26 January 2011

Neglected Rubric #whatever...

The following occurs in every Divine Service:

At the conclusion of the DISTRIBUTION or during the POST-COMMUNION CANTICLE, the remaining consecrated elements are set in order on the altar and covered with a veil.


What I find interesting about this rubric is that it runs contrary to Luther's own counsel about consuming the remaining elements at the end of the Distribution.  This is the final rubric of the service dealing with the consecrated elements!  It is not unreasonable to assume that they'd be removed from the altar, but there is no rubric that they be.  In our own parish practice, whatever has not been used for distribution is consumed by pastor(s) and elder(s) following the Divine Service in the sacristy, after the elements are removed to that room.  Perhaps when the Desk Edition appears (it will appear, surely?), we'll have more information in regards to this particular rubric.

20 comments:

Pastor Peters said...

I place the hosts remaining in a pyx, cleanse the ciborium and paten into the chalice, consume its remains and wipe it out with the purificator, and then place the pyx and cruet into the tabernacle. I do this at the end of the distribution while the people sing the Nunc Dimittis. I have been doing this exactly the same way for 31 years.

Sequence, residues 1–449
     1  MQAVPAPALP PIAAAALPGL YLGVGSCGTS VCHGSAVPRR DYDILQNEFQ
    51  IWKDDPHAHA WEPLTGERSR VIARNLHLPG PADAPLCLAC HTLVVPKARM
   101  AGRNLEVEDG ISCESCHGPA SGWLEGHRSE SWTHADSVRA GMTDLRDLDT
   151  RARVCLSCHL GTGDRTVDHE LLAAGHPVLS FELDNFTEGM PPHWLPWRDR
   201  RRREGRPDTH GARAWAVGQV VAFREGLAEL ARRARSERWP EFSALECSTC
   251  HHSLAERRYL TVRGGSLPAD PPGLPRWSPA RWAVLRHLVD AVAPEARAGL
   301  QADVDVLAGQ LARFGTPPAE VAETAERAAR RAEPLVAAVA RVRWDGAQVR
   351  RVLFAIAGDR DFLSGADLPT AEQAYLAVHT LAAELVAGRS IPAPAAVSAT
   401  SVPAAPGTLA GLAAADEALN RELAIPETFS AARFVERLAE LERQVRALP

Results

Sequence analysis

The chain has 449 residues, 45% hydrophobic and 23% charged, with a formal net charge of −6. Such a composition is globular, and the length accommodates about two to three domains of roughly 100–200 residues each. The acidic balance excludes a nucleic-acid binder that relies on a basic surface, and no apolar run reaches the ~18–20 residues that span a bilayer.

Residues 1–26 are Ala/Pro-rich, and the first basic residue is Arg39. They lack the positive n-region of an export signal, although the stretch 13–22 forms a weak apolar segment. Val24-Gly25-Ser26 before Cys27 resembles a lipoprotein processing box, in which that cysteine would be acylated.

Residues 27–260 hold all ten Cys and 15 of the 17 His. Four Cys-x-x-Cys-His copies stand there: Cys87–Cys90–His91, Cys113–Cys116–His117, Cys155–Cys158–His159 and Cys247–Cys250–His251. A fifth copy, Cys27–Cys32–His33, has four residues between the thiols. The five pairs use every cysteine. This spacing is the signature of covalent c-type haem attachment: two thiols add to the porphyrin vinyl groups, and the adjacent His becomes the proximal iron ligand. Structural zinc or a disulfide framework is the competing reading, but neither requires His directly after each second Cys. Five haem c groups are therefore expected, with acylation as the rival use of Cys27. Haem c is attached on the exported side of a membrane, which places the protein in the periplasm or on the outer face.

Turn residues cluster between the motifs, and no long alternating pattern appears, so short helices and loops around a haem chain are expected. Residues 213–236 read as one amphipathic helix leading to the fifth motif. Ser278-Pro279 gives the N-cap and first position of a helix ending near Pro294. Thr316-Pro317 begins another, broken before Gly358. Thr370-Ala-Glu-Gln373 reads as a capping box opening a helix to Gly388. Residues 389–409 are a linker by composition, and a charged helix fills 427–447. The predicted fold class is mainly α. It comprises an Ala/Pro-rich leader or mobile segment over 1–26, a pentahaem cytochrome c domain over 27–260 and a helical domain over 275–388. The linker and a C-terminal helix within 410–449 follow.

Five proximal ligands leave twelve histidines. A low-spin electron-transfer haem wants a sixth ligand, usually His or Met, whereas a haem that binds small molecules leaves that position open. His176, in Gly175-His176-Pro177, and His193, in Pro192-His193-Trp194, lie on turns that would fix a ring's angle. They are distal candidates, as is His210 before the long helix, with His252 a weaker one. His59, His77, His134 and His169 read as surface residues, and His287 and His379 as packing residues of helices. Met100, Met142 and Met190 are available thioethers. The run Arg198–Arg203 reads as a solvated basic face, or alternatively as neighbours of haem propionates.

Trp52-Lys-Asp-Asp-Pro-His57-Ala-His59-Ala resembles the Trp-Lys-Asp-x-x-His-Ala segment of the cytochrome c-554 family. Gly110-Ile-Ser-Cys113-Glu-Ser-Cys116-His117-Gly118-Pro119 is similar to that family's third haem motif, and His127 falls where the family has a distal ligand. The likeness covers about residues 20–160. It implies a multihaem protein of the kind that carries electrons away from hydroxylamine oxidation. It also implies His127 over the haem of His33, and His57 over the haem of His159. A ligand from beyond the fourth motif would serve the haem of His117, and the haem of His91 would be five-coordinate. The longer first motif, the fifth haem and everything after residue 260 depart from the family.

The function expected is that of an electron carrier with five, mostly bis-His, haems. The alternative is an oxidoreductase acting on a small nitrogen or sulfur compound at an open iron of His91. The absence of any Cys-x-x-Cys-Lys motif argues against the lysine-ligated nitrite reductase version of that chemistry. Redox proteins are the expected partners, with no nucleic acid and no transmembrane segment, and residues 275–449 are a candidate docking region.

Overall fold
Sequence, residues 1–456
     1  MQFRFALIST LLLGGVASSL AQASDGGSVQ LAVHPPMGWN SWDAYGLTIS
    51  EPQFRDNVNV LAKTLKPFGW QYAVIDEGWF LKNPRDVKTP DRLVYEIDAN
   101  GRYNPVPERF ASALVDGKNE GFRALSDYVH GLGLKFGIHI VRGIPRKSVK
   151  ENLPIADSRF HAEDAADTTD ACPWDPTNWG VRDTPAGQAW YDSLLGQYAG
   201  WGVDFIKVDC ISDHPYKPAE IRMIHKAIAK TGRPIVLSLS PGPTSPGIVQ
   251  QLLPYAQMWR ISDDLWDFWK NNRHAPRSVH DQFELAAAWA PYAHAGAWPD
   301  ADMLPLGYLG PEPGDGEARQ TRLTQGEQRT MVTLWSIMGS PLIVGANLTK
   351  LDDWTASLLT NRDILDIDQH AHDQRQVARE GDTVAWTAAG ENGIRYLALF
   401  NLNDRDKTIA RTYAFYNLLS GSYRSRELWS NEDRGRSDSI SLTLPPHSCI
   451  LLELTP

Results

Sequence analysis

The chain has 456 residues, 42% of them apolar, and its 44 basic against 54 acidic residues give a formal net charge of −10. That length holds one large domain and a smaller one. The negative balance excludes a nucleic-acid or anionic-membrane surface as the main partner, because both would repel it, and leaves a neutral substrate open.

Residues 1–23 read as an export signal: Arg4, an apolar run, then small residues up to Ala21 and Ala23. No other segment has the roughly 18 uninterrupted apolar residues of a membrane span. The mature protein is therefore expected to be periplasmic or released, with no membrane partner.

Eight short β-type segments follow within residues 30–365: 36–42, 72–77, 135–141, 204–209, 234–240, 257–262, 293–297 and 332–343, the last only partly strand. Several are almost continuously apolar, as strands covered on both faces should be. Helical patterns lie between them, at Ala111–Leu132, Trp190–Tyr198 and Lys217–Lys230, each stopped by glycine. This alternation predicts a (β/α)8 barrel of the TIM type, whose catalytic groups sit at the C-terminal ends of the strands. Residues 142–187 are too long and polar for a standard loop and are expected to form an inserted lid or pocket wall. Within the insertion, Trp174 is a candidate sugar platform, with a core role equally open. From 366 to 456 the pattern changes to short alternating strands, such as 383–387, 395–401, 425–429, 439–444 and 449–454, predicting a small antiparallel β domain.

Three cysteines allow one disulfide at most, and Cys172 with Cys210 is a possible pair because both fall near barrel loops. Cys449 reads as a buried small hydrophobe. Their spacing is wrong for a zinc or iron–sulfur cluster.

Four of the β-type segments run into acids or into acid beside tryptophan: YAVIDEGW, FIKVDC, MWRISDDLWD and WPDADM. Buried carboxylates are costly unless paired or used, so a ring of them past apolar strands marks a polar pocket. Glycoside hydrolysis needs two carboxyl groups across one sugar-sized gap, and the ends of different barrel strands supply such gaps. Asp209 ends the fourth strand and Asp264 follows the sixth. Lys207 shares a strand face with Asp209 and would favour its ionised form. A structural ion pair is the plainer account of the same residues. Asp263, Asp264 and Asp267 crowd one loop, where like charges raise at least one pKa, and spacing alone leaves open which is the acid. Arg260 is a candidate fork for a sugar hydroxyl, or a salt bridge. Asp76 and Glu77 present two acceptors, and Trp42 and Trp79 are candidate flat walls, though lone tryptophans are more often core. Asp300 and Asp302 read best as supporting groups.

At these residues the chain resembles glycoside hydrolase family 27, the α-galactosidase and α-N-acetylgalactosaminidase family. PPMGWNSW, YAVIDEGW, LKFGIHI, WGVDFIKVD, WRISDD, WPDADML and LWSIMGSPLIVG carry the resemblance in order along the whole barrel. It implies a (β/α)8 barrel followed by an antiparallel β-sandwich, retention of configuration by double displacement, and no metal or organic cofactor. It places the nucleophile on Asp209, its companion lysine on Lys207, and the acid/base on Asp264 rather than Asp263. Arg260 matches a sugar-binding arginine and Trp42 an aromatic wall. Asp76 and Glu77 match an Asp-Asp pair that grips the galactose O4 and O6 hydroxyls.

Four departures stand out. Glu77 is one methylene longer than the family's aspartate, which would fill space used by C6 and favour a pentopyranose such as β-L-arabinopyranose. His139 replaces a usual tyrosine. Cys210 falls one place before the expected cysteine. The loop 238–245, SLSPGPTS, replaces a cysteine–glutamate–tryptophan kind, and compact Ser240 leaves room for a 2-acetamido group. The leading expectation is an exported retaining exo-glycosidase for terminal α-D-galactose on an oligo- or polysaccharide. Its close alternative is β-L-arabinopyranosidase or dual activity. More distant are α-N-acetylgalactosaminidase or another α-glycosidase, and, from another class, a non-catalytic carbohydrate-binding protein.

Tapani Simojoki said...

I don't know if it's Anglican influence or the experience of too much bad practice, but I always consume everything at the altar at the end of the distribution.

This way I don't only treat the consecrated elements with the respect due to them, I am also seen doing so. In a largely non-Lutheran world, that's important in my view.

(Having a very small congregation helps: I hardly ever have consecrated hosts left over, since it's easy to count the number I need before the consecration.)

Anonymous said...

Pieper's Dogmatics reminds us that
the bread and wine only become the
body and blood of Christ when they
are consumed by the communicant.
So if the wine is spilled or the
bread is dropped, it is not the body
and blood of Christ. This is what